I’ve already addressed the first two charges that Adam Cohen makes in his recent New York Times (online-only, TimesSelect-restricted) hit piece on Scalia. Cohen’s third charge is that Scalia’s public statements “often make him sound more like a political partisan than a judge.” Cohen contends that Scalia “is particularly bad on the subject of Bush v. Gore.” Let’s examine Cohen’s evidence.
Cohen complains that, in response to a question about Bush v. Gore at a recent event in Switzerland, Scalia said that “if all the votes that Democrats had wanted counted were indeed counted, ‘They would have lost anyway.’” According to Cohen, the “important point is that no one will ever know who would have won if all the votes had been counted.” But what Scalia actually referred to was the comprehensive review that a consortium of newspapers, including the New York Times, conducted of all uncounted Florida ballots. That review established that every counting method that was requested would have resulted in a Bush victory. Is Cohen really unaware of this review?
Cohen also complains that Scalia responded to the question about Bush v. Gore by stating “Get over it.” (Kenneth Jost, in his similar CQ Weekly attack on Scalia, makes the same complaint.) Scalia supported his remark by pointing out that “this was an election ago now,” by referring to the newspapers’ comprehensive review establishing that Bush would have won under any plausible recount, and by noting that seven justices had agreed that there was an Equal Protection violation. These seven justices included Clinton appointee Breyer and the liberal Souter, though Breyer and Souter disagreed with the majority’s remedy. Interestingly, Cohen obscures the 7-justice vote finding that the recount in which the Florida courts were engaged before Supreme Court intervention was unconstitutional. He instead simply asserts that the “case broke down sharply along partisan lines.”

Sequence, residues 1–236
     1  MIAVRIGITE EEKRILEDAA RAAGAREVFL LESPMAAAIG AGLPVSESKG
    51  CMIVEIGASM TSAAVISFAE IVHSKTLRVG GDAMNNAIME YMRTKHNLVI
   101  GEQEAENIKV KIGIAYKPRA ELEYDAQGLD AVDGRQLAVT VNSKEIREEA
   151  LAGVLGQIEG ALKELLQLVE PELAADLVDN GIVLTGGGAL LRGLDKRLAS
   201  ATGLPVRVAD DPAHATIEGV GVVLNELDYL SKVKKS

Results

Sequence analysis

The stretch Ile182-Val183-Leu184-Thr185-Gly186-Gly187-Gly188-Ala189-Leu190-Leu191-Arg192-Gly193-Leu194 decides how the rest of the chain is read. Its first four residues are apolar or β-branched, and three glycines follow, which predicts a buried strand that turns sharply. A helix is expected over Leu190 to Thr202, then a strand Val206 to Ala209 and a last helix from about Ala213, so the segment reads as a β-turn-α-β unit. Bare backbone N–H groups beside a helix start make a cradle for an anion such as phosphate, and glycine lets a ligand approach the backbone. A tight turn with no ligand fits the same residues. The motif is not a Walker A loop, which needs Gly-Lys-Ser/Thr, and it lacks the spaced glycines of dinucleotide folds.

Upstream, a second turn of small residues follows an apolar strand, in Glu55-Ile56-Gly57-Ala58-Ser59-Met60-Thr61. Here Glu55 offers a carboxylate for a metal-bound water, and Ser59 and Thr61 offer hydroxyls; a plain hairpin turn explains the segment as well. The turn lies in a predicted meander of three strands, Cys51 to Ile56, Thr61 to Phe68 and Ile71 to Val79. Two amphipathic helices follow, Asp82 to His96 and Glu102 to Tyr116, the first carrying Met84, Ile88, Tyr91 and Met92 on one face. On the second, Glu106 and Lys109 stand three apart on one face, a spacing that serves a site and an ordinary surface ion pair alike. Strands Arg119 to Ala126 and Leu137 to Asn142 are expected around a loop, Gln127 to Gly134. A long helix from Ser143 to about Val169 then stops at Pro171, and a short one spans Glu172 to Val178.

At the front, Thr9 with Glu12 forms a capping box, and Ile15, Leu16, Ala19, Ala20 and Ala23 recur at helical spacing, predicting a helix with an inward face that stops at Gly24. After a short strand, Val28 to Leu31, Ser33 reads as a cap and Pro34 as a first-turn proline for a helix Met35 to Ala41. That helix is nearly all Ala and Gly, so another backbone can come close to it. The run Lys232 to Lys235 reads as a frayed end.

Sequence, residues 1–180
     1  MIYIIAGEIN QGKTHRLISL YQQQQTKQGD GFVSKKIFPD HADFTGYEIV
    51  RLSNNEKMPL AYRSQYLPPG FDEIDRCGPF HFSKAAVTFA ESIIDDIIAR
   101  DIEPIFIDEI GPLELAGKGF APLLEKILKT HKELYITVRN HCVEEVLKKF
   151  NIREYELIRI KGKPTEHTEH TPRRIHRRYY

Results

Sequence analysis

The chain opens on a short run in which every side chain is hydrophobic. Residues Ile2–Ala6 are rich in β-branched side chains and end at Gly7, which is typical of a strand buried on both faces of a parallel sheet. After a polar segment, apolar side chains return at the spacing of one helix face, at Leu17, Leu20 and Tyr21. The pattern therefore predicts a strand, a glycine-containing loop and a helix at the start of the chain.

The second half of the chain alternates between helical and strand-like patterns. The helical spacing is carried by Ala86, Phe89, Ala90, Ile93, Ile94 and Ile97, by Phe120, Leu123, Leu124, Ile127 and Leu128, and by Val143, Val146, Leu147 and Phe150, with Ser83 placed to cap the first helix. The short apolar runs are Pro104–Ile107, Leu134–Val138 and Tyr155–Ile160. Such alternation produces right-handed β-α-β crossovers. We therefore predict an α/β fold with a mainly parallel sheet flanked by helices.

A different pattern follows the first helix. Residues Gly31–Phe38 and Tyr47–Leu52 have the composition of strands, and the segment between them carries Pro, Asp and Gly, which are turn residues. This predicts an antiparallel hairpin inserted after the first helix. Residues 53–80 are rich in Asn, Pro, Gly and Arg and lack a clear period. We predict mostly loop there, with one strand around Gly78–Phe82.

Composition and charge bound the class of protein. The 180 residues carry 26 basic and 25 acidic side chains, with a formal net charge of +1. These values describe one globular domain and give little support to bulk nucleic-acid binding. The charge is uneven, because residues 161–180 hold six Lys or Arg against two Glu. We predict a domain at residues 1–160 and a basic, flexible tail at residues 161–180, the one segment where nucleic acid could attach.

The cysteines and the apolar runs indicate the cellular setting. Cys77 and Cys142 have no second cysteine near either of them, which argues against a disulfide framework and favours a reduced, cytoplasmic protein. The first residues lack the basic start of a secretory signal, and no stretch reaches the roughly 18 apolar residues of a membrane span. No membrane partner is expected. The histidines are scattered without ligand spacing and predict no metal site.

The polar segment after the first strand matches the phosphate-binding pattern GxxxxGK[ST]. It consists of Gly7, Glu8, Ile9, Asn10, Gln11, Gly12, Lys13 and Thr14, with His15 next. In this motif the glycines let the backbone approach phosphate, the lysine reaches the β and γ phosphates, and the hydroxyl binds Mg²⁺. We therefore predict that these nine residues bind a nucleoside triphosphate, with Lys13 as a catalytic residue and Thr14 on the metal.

Memo to Cohen: Get over it.
Cohen’s second piece of evidence is that Scalia told another questioner in Switzerland who Cohen says “was asking about the dishonesty of American presidents” that “we really don’t like our presidents fooling around in the Oval Office.” I’ve watched the relevant portion of the video of the event, and what Cohen misses is that Scalia was defending Americans against what he quite reasonably regarded as the questioner’s “diatribe against America.” The questioner said that Europeans have the “impression that [in America] if you are powerful enough … you can get away with whatever you do.” Scalia defended Americans by pointing out that they regard as scandalous what Europeans hardly blink at. He illustrated his point by citing a French official’s widely known use of government funds on behalf of his mistress. It was in this context that he contrasted Americans’ reaction to the Lewinsky episode (which also involved misuse of government property). Cohen is correct that Scalia was “not giving a legal answer to the question,” but the question (or “diatribe”) to which he was responding was broadly cultural, not specifically legal.In short, Scalia was being overtly pro-American, not speaking as a partisan within the framework of American politics. Cohen’s own politics may lead him to think that being pro-American is being “right-wing,” but that would say far more about him than about Scalia.